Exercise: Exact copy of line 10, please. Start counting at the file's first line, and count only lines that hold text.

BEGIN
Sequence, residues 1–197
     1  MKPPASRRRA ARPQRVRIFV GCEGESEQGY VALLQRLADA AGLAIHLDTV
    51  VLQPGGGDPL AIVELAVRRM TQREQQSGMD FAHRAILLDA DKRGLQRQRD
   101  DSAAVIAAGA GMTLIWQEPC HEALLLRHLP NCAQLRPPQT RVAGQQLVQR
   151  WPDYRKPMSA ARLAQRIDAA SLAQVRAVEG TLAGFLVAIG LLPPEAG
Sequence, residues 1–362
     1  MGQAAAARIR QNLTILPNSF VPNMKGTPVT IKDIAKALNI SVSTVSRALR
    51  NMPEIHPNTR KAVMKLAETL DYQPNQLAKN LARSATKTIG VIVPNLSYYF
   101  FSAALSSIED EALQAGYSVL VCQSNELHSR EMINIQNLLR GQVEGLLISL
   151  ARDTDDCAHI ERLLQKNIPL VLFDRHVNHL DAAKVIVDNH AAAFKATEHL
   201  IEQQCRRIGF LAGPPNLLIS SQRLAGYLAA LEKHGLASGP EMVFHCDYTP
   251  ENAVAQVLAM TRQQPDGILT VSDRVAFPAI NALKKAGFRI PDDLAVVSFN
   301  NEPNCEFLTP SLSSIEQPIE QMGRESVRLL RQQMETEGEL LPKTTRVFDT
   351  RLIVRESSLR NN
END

   151  ARDTDDCAHI ERLLQKNIPL VLFDRHVNHL DAAKVIVDNH AAAFKATEHL